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Arts and Entertainment

You Can Now Invest In The Mansion Where The 'Godfather' Horse's Head Scene Was Filmed

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If you can't afford a mansion on your own, maybe you could throw down on one with some friends. If you have $125,000, you can become one of up to 320 investors in the Beverly Estate, according to Curbed LA. That's the crowdfunding campaign being run via Start Engine, at least. They're calling it "an offer you can't refuse," which is suitable considering this opulent house was where film producer Jack Woltz wakes up to find himself in bed with a horse's head in The Godfather.

According to the pitch, your investment "should offer much more peace of mind, and enjoyment, than the turmoil, uncertainties and unpredictability in world markets and currency risks and allows much desired diversification of investments." In addition to an estimated 5-20 percent turn on your investments, you'll also get a discount on renting the home for events, and you will be invited to various events thrown at the house.

The home is currently worth about $160 million, but could potentially be listed for more. If sold, that would work out well for investors. Just to rent the home is $600,000 a month. The home's current owner, financier Leonard Ross, is $40 million in debt, and filed for bankruptcy in 2010. At the time, Variety reported that Ross owed "a punishing $40,000,000 in mortgages on the walled and gated hilltop estate now known as The Beverly House Compound."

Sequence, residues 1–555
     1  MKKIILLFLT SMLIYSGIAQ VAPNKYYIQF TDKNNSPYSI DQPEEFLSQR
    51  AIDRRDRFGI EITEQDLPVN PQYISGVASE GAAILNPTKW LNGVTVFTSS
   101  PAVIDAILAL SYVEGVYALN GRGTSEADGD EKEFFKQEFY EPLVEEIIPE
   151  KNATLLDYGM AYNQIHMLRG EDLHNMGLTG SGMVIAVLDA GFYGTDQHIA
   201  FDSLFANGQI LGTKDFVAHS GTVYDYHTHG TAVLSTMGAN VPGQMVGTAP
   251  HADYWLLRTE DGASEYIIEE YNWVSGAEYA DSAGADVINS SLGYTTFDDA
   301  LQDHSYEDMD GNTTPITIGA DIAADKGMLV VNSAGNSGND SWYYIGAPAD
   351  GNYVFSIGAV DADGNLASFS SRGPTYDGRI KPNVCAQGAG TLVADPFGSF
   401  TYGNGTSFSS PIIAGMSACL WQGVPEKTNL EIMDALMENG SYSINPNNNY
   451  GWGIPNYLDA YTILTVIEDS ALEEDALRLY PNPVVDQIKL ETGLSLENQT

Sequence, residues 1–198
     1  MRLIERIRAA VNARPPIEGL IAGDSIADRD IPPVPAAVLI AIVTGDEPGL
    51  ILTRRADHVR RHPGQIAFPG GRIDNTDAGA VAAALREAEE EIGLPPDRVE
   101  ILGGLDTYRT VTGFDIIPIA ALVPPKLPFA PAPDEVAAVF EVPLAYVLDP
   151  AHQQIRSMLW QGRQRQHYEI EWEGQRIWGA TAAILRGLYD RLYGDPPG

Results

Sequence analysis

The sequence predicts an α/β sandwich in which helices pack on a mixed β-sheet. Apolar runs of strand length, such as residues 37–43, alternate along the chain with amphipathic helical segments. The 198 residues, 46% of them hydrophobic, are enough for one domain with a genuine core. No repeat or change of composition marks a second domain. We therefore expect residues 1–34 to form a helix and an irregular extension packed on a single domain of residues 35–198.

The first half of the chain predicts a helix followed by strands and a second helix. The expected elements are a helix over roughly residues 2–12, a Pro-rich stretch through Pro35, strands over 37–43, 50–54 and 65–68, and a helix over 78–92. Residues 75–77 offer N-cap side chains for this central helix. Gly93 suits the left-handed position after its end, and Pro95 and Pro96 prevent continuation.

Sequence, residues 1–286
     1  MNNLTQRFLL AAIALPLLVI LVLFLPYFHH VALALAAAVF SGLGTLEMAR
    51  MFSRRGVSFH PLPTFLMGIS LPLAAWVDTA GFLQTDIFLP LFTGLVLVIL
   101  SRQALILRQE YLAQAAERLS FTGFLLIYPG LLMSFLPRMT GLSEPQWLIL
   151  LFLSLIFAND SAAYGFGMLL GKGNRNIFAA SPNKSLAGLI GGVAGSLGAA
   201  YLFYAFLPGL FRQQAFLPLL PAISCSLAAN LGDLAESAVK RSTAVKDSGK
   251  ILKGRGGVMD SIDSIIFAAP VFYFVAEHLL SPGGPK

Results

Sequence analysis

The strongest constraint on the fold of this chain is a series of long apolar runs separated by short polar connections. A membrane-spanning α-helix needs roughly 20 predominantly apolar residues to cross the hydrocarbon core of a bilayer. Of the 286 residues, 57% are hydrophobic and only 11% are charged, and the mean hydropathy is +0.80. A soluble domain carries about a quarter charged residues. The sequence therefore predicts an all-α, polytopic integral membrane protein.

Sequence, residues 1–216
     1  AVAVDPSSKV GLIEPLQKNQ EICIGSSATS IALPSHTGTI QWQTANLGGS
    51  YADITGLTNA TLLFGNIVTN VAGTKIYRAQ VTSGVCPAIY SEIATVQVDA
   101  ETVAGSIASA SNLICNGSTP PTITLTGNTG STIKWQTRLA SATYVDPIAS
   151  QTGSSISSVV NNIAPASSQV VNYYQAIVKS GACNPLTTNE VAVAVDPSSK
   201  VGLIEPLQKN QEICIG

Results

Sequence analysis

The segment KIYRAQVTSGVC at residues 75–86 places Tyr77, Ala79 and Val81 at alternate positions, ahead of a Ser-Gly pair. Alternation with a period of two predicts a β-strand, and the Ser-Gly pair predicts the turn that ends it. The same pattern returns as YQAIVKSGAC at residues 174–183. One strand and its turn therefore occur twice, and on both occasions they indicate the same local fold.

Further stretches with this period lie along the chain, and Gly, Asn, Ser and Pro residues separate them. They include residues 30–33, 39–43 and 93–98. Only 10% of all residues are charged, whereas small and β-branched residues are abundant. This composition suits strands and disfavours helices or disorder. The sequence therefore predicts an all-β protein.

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The home was built in 1927 by architect Gordon Kaufmann for Milton Getz, then sold to newspaper tycoon William Randolph Hearst in 1946, who gave it to his mistress, actress Marion Davies. Hearst died here in 1951, and it didn't take long for Davies to move in her own lover, Horace Brown. Plenty of other famous people have partied here, too, from the Kennedys to Rihanna. It's got at least 19 bedrooms, 40 bathrooms, and it's own nightclub, as well as an outdoor terrace that can seat 400.

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